Parochial Employees' Retirement System

Not overruled or negatively treated on appealinfoCoverage
Court of Appeal of Louisiana, Second CircuitJun 16, 1965
177 So. 2d 176 (La. Ct. App. 1965)

No. 10395.

June 16, 1965.


Jack P.F. Gremillion, Atty. Gen., Harry Fuller, Second Asst. Atty. Gen., Baton Rouge, Ferdinand A. Cashio, Asst. Atty. Gen., Shreveport, for appellant.

Booth, Lockard, Jack, Pleasant LeSage, Shreveport, for appellee.


Plaintiff, as a former coroner of Caddo Parish, Louisiana, seeks, by this declaratory action, a judgment recognizing him as a proper beneficiary under the provisions of the statute, LSA-R.S. 33:6101 et seq., appertaining to the Parochial Employees' Retirement System of Louisiana, and reinstatement as such beneficiary as of September 1, 1964.

Through election and successive reelections, plaintiff served continuously as coroner of the aforesaid Parish and State from January, 1916, to July 1, 1961, when he retired. Upon retirement, plaintiff was recognized by defendant board as a qualified beneficiary under the provisions of the aforesaid statute. Benefits in accordance therewith were paid him from the date of his retirement through September 1, 1964, when the board determined that he was ineligible and removed him from its rolls as a beneficiary. Upon refusal of the board to reinstate plaintiff as a beneficiary and to recognize his entitlement to the benefits allegedly accorded him by the statute, this action was instituted.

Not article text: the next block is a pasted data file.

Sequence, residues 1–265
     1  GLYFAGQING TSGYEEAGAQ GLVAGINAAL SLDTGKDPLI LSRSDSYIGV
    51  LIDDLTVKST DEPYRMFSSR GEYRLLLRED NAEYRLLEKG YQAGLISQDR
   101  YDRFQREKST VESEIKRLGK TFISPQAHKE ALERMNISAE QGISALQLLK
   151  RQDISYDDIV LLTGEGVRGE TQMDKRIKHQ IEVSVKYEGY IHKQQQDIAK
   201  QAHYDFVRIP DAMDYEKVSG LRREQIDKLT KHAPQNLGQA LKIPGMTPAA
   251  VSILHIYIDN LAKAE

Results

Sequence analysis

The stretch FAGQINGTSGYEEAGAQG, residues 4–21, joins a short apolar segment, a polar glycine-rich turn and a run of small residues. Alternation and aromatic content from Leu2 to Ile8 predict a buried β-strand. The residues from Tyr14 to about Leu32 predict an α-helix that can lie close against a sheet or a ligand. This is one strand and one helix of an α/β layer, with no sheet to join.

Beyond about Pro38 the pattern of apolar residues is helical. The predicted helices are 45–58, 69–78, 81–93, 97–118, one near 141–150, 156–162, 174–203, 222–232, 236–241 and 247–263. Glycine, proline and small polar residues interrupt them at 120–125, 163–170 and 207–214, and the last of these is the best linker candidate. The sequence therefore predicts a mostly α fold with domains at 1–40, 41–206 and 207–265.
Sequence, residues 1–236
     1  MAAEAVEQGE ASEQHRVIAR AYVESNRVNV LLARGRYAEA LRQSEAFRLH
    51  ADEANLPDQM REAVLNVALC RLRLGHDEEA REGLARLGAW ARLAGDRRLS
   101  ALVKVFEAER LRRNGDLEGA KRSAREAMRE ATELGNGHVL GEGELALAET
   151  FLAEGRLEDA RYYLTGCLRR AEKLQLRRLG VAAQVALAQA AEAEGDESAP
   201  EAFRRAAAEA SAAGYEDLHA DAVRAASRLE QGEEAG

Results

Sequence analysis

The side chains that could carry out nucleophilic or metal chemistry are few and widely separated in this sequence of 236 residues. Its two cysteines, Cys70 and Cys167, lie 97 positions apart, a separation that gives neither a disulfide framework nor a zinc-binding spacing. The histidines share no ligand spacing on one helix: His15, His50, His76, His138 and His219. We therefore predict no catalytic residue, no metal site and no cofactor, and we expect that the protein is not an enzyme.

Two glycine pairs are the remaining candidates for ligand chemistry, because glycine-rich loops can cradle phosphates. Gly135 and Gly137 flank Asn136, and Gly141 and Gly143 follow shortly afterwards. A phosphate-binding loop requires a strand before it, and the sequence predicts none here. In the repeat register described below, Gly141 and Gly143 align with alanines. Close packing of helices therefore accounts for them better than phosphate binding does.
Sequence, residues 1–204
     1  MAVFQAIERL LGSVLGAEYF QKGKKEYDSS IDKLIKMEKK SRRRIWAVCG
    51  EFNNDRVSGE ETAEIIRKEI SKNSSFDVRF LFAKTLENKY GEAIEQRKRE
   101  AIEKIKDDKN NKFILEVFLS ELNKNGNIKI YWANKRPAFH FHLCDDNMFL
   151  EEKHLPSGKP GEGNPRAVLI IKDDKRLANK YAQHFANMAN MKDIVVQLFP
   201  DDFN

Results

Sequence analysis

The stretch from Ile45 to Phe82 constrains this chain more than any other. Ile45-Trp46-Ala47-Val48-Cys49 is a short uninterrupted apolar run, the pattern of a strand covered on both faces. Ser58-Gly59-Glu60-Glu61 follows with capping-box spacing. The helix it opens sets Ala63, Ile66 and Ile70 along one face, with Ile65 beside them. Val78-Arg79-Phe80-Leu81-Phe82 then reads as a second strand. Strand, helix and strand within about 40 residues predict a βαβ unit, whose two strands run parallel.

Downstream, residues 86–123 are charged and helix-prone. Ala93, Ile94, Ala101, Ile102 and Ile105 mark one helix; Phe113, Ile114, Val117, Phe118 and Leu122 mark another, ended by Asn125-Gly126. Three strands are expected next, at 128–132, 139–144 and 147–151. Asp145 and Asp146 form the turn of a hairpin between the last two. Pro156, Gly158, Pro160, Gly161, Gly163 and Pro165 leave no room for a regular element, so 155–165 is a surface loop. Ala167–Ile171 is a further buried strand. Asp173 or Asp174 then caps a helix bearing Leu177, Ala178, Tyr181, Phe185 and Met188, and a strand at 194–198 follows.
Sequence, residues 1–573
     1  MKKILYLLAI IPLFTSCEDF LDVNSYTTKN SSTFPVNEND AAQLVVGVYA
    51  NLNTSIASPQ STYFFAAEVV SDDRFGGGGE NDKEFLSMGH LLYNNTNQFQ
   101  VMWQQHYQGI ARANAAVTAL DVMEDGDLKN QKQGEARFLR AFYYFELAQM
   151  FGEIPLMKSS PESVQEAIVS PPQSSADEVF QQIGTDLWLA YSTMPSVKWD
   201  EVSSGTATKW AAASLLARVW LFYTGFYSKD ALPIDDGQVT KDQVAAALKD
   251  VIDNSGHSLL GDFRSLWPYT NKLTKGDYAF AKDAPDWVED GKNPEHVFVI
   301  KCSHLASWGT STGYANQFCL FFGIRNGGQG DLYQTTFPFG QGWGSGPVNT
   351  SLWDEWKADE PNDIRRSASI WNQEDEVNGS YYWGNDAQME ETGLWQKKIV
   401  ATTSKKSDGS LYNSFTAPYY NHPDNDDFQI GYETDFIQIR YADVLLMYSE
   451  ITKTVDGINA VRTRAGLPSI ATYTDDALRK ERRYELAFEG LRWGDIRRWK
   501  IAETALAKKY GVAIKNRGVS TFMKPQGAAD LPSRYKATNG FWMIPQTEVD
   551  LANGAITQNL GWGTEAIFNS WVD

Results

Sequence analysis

The defense urged was that plaintiff is without right to receive compensation from Caddo Parish for services required to be performed by the office of coroner, the office from which plaintiff retired, and at the same time receive the retirement benefits conferred by the statute.

One of the questions originally presented was whether a retired coroner may receive fees from the Police Jury for independent services performed by him as a physician and forensic pathologist without prejudice to his rights as a beneficiary under the Parochial Employees' Retirement System of Louisiana. During the course of the trial defendant conceded that the receipt of fees for services rendered as a pathologist would not disqualify plaintiff as a beneficiary. The basis of defendant's contention of plaintiff's disqualification was therefore limited to the question of fees received by him for services in connection with commitments of patients to mental institutions.

From a judgment granting plaintiff the relief prayed for, defendant prosecutes this appeal.

Coroners and their assistants became eligible for membership in this retirement system in 1954. LSA-R.S. 33:6137, subd. A. Plaintiff complied with the requirements and became a member of this system. "Any member upon withdrawal from service * * * [after compliance with and completion of certain requirements of the statute], shall be entitled to receive a retirement allowance which shall begin as of the date the member's application for the said allowance is received by the board, but in no event before withdrawal from service." LSA-R.S. 33:6171.